a cellular radio configured to connect to cell towers, wherein the process further comprises identifying the plurality of points by importing from an external data source over the cellular radio.
US15/192,089 2016-06-24 2016-06-24 Correlating a route with a network operation Active US10330484B2 (en)

Priority Applications (1)

Application Number Priority Date Filing Date Title
US15/192,089 US10330484B2 (en) 2016-06-24 2016-06-24 Correlating a route with a network operation

Applications Claiming Priority (2)

Application Number Priority Date Filing Date Title
US15/192,089 US10330484B2 (en) 2016-06-24 2016-06-24 Correlating a route with a network operation
EP17175558.0A EP3261368A1 (en) 2016-06-24 2017-06-12 Correlating a route with a wifi network operation

Publications (2)

Publication Number Publication Date
US20170370737A1 US20170370737A1 (en) 2017-12-28
US10330484B2 true US10330484B2 (en) 2019-06-25

Family

ID=59257959

Family Applications (1)

Application Number Title Priority Date Filing Date
US15/192,089 Active US10330484B2 (en) 2016-06-24 2016-06-24 Correlating a route with a network operation

Country Status (2)

Country Link
US (1) US10330484B2 (en)
EP (1) EP3261368A1 (en)

Citations (11)

* Cited by examiner, † Cited by third party
Publication number Priority date Publication date Assignee Title
US6314365B1 (en) * 2000-01-18 2001-11-06 Navigation Technologies Corp. Method and system of providing navigation services to cellular phone devices from a server
US7305245B2 (en) 2004-10-29 2007-12-04 Skyhook Wireless, Inc. Location-based services that choose location algorithms based on number of detected access points within range of user device
US20090186610A1 (en) * 2008-01-22 2009-07-23 Ofer Avni Method for detecting events on cellular comm. network
US20100323715A1 (en) 2009-06-18 2010-12-23 Winters Jack H Device location prediction for mobile service optimization
US20140067257A1 (en) * 2012-08-31 2014-03-06 Apple Inc. Navigation System Acquisition and Use of Cellular Coverage Map Data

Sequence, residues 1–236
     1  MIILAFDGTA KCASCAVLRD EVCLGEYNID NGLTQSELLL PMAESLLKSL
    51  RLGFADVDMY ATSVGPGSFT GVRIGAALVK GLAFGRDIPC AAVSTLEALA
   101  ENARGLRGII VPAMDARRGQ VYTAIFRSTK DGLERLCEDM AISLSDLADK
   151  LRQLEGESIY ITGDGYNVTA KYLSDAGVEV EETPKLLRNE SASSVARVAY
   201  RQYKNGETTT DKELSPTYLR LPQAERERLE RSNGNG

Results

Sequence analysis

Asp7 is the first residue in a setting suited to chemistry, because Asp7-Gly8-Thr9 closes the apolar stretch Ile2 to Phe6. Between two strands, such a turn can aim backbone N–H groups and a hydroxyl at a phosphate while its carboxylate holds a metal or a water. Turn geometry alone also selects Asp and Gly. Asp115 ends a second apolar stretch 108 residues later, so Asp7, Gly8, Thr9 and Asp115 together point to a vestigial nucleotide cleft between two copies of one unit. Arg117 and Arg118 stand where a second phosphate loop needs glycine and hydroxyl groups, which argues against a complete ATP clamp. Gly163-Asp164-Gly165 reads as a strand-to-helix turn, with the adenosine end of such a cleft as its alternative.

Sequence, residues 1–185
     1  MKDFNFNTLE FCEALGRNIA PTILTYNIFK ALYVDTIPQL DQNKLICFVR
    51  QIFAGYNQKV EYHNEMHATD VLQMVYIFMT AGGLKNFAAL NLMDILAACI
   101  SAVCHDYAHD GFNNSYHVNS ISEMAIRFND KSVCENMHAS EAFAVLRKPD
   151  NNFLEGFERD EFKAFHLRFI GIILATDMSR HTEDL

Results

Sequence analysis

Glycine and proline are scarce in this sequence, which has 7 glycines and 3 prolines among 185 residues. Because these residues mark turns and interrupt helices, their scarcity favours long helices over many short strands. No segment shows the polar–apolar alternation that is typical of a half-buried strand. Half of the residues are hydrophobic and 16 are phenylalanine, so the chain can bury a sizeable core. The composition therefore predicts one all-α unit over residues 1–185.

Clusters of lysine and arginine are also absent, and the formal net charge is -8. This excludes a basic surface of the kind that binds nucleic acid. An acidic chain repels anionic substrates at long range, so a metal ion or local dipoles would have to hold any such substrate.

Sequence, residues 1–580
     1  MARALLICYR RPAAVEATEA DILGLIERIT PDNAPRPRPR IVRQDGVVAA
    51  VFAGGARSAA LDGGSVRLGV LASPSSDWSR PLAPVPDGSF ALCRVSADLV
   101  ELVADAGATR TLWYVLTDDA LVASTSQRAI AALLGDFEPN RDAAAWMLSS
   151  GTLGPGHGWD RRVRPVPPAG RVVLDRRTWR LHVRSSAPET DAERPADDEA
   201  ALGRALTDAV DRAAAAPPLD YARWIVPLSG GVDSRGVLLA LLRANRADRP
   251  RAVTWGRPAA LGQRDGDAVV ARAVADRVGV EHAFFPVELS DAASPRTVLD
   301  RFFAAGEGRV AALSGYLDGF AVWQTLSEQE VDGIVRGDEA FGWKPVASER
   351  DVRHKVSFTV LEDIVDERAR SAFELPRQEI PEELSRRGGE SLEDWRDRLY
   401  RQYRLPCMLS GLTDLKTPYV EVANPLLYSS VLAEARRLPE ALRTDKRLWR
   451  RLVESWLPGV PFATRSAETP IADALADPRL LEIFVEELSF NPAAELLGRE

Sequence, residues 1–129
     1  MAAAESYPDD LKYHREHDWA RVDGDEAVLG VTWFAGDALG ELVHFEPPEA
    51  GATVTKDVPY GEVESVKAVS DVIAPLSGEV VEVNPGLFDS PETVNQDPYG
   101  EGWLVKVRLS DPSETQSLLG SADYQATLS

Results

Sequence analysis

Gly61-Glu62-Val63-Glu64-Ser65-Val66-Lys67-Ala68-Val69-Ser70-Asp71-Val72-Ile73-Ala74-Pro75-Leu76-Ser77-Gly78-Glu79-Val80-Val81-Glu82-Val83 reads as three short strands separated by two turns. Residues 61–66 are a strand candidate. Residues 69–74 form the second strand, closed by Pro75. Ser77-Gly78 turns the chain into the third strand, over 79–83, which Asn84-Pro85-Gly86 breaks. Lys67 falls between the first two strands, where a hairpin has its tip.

US20140094187A1 (en) * 2012-09-28 2014-04-03 Anthony G. LaMarca Location estimation based upon ambient identifiable wireless signal sources
US20140257695A1 (en) * 2013-03-06 2014-09-11 Qualcomm Incorporated Methods for providing a navigation route based on network availability and device attributes
US20150215832A1 (en) 2014-01-28 2015-07-30 Openet Telecom Ltd. System and Method for Performing Network Selection
US20150312722A1 (en) * 2014-04-28 2015-10-29 Samsung Electronics Co., Ltd. Location determination, mapping, and data management through crowdsourcing
US20160183059A1 (en) * 2014-11-28 2016-06-23 Szegedi Tudományegyetem Method for tracking of motion of objects associated with wireless communication devices within a predefined area
US20170205243A1 (en) * 2014-03-03 2017-07-20 Apple Inc. Map application with improved search tools

Family Cites Families (3)

* Cited by examiner, † Cited by third party
Publication number Priority date Publication date Assignee Title
EP1968243A1 (en) * 2007-03-07 2008-09-10 British Telecommunications Public Limited Company Method of transmitting data to a mobile device
US8542636B2 (en) * 2010-01-04 2013-09-24 Lili Qiu Vehicular content distribution
US9167591B2 (en) * 2012-09-06 2015-10-20 Dell Products, Lp Method and apparatus for determining optimized wireless link selection for a mobile device along a predicted path

Patent Citations (13)

* Cited by examiner, † Cited by third party
Publication number Priority date Publication date Assignee Title
US6314365B1 (en) * 2000-01-18 2001-11-06 Navigation Technologies Corp. Method and system of providing navigation services to cellular phone devices from a server
US7305245B2 (en) 2004-10-29 2007-12-04 Skyhook Wireless, Inc. Location-based services that choose location algorithms based on number of detected access points within range of user device
US7403762B2 (en) 2004-10-29 2008-07-22 Skyhook Wireless, Inc. Method and system for building a location beacon database
US20090186610A1 (en) * 2008-01-22 2009-07-23 Ofer Avni Method for detecting events on cellular comm. network
US20100323715A1 (en) 2009-06-18 2010-12-23 Winters Jack H Device location prediction for mobile service optimization
US20140067257A1 (en) * 2012-08-31 2014-03-06 Apple Inc. Navigation System Acquisition and Use of Cellular Coverage Map Data
US20160291119A1 (en) * 2012-09-28 2016-10-06 Intel Corporation Location estimation based upon ambient identifiable wireless signal sources
US20140094187A1 (en) * 2012-09-28 2014-04-03 Anthony G. LaMarca Location estimation based upon ambient identifiable wireless signal sources